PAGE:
Growth factors in general, and brain-derived neurotrophic factor (BDNF) in particular, play critical roles in the nervous system to regulate neuronal development and survival, axonal outgrowth, synaptogenesis, and synaptic plasticity. BDNF signaling modifies depressive behavior, and a large number of studies demonstrate additional roles for BDNF/TrkB pathways in contextual fear conditioning and spatial memory, as well as in the regulation of synaptic plasticity. These functions likely depend on genes or gene products that BDNF regulates at the transcriptional, translational or post-translational levels, several via activation of the transcription factor CREB. However, few candidate genes downstream of neurotrophins and CREB that contribute to depression and memory formation have been identified. Several recent studies indicate that VGF, a secreted neuronal protein and peptide precursor that is rapidly induced by the neurotrophins BDNF, NGF and NT3, plays a role in depression and the response to antidepressant treatment. VGF-derived peptides are known to regulate synaptic plasticity, reproductive behavior and energy balance. Preliminary and recently published studies show that VGF C-terminal peptides have antidepressant efficacy, and also regulate hippocampal neuronal electrical excitability in slices via a BDNF-dependent mechanism, consistent with impaired performance of VGF knockout mice in spatial and contextual fear memory tasks and depressed behavior in the forced swim and tail suspension tests. To better understand VGF function in the nervous system we have generated a mouse line with a loxp-flanked (floxed) Vgf gene, allowing us to conditionally ablate VGF expression in a tissue-specific manner.
In Aim 1, we will investigate how VGF regulates depressive behavior, using VGF knockout mouse models, and paradigms of depression that include social defeat and novelty induced hypophagia, which are responsive to chronic but not acute antidepressant treatment.
In Aim 2 we will utilize a number of depression pardigms to determine whether VGF expression is required for antidepressant efficacy, studying responses in conditional and germline VGF knockout mice.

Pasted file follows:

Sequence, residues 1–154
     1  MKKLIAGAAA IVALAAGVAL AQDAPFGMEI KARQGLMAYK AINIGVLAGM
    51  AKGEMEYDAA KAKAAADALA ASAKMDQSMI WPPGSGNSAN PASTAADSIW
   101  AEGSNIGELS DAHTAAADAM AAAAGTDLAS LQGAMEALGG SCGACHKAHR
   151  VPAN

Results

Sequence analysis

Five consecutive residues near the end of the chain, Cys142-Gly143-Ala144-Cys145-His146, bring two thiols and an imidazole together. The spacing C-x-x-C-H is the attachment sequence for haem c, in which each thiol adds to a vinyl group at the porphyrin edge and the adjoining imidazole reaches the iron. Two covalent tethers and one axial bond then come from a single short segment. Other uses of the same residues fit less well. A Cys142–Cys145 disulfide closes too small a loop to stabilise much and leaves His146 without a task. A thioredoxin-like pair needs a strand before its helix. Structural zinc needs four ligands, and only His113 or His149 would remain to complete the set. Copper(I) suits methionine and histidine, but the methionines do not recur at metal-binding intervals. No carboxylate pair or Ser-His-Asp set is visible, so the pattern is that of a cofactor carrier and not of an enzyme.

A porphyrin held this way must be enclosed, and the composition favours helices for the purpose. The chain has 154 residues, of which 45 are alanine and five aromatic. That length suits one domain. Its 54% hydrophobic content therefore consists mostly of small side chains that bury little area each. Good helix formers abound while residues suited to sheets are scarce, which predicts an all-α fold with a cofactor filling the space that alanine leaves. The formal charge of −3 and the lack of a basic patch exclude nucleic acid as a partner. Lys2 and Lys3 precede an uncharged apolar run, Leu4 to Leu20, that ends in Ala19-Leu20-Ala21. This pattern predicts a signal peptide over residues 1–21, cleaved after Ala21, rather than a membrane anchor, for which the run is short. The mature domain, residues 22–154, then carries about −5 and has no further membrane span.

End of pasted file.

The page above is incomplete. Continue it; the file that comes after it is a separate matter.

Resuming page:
Aim 3 will determine when in development and where in the CNS VGF functions to regulate depressive behavior, taking advantage of the new floxed VGF line, and either conditional VGF ablation or localized VGF ablation, the latter using targeted infusion of adeno-associated virus expressing Cre-recombinase.
In Aim 4 we will determine whether VGF expression is required for hippocampal neurogenesis. Overall, the proposed experiments will investigate the roles that VGF and VGF-derived peptides play in the regulation of hippocampal synaptic plasticity, hippocampal neurogenesis, depressive behavior, and the response to antidepressants, using well- studied and newly generated mouse models.

Public Health Relevance

Characterization of the molecules and mechanisms that control emotional behavior and cognition will lead to increased understanding of brain function, mood disorders such as depression, and memory, all clearly impacted by aging and by degenerative diseases including Alzheimer's.

Agency
National Institute of Health (NIH)
Institute
National Institute of Mental Health (NIMH)
Type
Research Project (R01)
Project #
5R01MH086499-03
Application #
8213766
Study Section
Pathophysiological Basis of Mental Disorders and Addictions Study Section (PMDA)
Program Officer
Winsky, Lois M
Project Start
2010-04-01
Project End
2015-01-31
Budget Start
2012-02-01
Budget End
2013-01-31
Support Year
3
Fiscal Year
2012
Total Cost
$419,513
Indirect Cost
$172,013
Name
Icahn School of Medicine at Mount Sinai
Department
Neurosciences
Type
Schools of Medicine
DUNS #
078861598
City
New York
State
NY
Country
United States
Zip Code
10029
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Lin, Wei-Jye; Salton, Stephen R (2013) The regulated secretory pathway and human disease: insights from gene variants and single nucleotide polymorphisms. Front Endocrinol (Lausanne) 4:96
Jiang, Cheng; Salton, Stephen R (2013) The Role of Neurotrophins in Major Depressive Disorder. Transl Neurosci 4:46-58